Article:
The Border Rottie will be a mixture of both of his parents, and it can never be guaranteed as to which characteristics he may inherit. As such, if you are preparing to welcome one of these guys into your home, then you need to be open minded as to what this gorgeous big puppy might be like. Our advice is that if you expect traits from either parent then you should not be disappointed with this gorgeous guy. Open mindedness is the key here, and if there are certain traits that you do not like, then it is advised that you seek another hybrid dog altogether.


Firstly, the Border Rottie will be energetic, and as such he needs to be placed with a family who can provide him with the exercise that he needs, as well as continual company and stimulation throughout the day. He is a lively character who will provide endless hours of fun for his family and would appreciate a doggy agility class or two. He does not like to be left alone for hours at a time, because he prefers to be with his human family and know that they are safe, which often causes him separation anxiety.

Secondly, he is going to be protective of his family thanks to the guarding tendencies of the Rottweiler, and the aloofness of the Border Collie. He will be loyal to his family and will often be at your heel at all times. He will either be wary of strangers, or actively protective when they enter your estate, but either way you need to prepare for a dog with guarding tendencies of some degree. He will undoubtedly be reserved with strangers or in shy in unfamiliar settings, so it may take him a while to warm up before he becomes his normal self.

Thirdly, you can expect that he will be affectionate with his immediate family, so don’t worry, you can still expect cuddles from him on the sofa if this is a canine quality that appeals to you and the family. His protectiveness means that he will want to protect you, be that from an intruder or a scary villain in a film, so expect a canine shield who will lend a helping paw should you ever need one.

Fourthly, you can expect a lot of fun with him. His energy and intelligence mean that you and your family will never be bored, and he will always get involved in the family fun. His Rottweiler parent is known to be a bit dopey despite his mean exterior, and it is likely that the Border Rottie will be no different, so expect him to be walking into walls and stumbling into doors as though he has had one too many.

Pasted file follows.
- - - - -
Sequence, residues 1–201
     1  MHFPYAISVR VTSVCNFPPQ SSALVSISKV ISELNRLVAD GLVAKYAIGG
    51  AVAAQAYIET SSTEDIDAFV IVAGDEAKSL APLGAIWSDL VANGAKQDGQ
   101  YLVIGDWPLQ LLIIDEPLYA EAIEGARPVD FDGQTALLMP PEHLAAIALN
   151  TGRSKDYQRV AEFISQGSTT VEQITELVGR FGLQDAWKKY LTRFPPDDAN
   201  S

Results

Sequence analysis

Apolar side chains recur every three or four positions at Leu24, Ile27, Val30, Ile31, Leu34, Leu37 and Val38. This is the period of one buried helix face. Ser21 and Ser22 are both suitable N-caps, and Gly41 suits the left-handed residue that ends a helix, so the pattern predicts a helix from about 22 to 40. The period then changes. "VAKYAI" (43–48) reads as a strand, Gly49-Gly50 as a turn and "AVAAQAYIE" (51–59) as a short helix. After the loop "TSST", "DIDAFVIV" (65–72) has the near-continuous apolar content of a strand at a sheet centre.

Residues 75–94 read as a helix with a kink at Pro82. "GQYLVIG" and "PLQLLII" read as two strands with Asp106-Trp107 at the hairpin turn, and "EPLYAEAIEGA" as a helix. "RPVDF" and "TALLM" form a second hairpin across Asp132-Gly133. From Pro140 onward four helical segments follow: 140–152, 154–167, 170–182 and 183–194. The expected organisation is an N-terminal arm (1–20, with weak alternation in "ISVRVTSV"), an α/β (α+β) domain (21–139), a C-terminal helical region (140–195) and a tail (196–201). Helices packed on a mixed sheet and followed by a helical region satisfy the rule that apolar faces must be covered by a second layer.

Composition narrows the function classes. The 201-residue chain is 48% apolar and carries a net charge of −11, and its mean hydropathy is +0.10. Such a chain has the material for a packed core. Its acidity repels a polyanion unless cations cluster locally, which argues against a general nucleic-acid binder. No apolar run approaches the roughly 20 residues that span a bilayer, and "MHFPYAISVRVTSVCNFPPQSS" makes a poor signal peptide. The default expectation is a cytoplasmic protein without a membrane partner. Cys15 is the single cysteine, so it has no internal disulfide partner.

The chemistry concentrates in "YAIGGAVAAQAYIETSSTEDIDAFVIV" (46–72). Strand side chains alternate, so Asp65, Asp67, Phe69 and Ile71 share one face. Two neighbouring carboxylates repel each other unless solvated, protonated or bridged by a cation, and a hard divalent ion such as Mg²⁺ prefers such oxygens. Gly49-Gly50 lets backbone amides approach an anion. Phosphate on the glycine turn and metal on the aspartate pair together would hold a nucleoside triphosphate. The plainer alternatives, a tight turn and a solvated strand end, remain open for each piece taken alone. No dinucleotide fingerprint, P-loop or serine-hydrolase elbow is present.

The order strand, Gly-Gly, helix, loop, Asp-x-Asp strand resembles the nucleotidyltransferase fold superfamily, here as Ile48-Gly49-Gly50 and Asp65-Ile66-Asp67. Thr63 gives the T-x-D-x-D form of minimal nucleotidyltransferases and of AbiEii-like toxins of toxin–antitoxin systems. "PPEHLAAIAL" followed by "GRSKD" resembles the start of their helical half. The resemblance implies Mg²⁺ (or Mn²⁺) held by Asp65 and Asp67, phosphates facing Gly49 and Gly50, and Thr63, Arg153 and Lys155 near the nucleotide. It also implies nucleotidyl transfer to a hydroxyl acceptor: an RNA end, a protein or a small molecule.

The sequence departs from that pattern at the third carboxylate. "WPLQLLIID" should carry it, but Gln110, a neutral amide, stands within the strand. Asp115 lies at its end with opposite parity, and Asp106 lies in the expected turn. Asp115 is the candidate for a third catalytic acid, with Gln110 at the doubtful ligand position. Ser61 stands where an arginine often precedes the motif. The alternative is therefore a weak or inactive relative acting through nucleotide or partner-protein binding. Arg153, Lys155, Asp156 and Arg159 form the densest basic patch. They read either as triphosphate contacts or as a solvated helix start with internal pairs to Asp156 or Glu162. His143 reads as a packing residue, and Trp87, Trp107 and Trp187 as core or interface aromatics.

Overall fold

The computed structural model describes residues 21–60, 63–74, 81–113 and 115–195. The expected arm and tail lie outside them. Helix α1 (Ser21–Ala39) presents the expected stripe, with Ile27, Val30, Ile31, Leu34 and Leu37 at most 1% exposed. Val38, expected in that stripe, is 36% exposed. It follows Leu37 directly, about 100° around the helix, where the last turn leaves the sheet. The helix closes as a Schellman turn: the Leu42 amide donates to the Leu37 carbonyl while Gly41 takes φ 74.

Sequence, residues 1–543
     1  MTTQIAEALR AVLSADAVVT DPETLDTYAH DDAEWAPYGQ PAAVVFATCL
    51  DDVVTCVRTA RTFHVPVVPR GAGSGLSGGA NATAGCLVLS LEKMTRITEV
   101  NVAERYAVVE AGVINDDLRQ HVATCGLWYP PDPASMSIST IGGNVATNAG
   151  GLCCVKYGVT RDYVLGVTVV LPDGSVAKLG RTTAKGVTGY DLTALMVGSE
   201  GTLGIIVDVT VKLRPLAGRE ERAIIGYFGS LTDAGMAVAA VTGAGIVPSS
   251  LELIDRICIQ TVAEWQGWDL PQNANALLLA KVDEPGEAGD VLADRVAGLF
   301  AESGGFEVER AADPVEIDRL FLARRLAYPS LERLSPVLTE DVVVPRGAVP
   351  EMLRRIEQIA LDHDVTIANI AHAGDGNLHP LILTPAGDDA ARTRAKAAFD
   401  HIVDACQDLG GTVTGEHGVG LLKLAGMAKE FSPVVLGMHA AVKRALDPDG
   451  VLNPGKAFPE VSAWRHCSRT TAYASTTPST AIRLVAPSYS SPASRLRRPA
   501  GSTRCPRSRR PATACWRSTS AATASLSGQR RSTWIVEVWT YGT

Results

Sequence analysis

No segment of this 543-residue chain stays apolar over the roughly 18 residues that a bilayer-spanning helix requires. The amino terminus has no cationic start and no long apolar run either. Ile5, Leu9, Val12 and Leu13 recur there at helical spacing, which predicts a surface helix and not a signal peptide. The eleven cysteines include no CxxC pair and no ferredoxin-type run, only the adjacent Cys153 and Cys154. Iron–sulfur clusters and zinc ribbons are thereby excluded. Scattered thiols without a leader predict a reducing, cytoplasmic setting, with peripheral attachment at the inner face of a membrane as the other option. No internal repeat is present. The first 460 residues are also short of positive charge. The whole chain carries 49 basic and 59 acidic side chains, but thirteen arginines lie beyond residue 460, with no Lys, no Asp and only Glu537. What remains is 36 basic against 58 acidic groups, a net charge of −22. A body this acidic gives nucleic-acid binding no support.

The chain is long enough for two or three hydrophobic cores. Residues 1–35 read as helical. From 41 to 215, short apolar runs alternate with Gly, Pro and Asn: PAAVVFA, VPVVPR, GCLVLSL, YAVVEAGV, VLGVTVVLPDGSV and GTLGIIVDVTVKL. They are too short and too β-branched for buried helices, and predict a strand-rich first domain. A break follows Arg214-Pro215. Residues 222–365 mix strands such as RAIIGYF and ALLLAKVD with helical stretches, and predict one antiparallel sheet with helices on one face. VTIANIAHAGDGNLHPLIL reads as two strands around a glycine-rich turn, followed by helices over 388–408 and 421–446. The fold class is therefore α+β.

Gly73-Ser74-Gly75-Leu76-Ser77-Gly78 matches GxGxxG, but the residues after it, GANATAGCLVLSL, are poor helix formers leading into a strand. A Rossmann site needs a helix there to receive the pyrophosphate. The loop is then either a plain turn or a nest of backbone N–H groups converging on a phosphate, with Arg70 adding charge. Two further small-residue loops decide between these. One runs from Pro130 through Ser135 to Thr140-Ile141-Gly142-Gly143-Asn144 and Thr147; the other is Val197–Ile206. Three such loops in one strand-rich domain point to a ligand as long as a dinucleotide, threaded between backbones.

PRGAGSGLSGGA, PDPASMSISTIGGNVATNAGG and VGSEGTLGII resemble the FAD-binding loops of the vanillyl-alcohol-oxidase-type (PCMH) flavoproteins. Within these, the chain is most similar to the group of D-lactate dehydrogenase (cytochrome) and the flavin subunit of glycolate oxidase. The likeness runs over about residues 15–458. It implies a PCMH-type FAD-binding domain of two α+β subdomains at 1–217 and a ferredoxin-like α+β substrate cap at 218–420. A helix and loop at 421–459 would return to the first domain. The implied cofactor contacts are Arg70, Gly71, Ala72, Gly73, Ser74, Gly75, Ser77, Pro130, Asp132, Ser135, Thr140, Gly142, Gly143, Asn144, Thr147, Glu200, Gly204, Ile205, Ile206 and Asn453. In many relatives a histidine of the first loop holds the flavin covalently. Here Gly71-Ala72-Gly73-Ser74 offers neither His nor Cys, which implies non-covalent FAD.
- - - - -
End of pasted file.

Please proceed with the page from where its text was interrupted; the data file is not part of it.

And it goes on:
Size & Appearance

Just like any other mixed dog, the Border Rottie can be expected to look like a mix of his parents, or closely resemble one parent more than the other. The Border Rottie will measure anywhere between 19 and 27 inches tall, and he will weigh between 30 and 135 pounds. There is not a breed standard nor a database to take information from unlike most breeds, and therefore he will fall anywhere in between his parent’s size parameters. It is likely, however, that he will fall more into the middle of this wide-ranging height and weight scales.

Overall, he will appear more slender and slimmer compared to the average Rottweiler, and more sturdy and muscular compared to the Border Collie. It will be more common for him to inherit his Rottweiler’s dark colored eyes, and on occasion he will inherit the bright blue eyes of the Border Collie. On even rarer occasions he might inherit different colored eyes, which again, runs in the Border Collie blood, and this is called heterochromia. It is likely that he will have a thick and sturdy tail with big paws, and there is an equal chance of having the large floppy ears of the Rottweiler, or the smaller side ears of the Border Collie.

Coat & Colors

The Border Rottie will have a medium length coat just like his parents. It will be a double coat, again just like his parents, as it was this that protected them from the cold harsh winters in the Scottish Highlands and the wild German forests. Wherever the Border Rottie lives, he will cope with cold weather, but also hot if he must!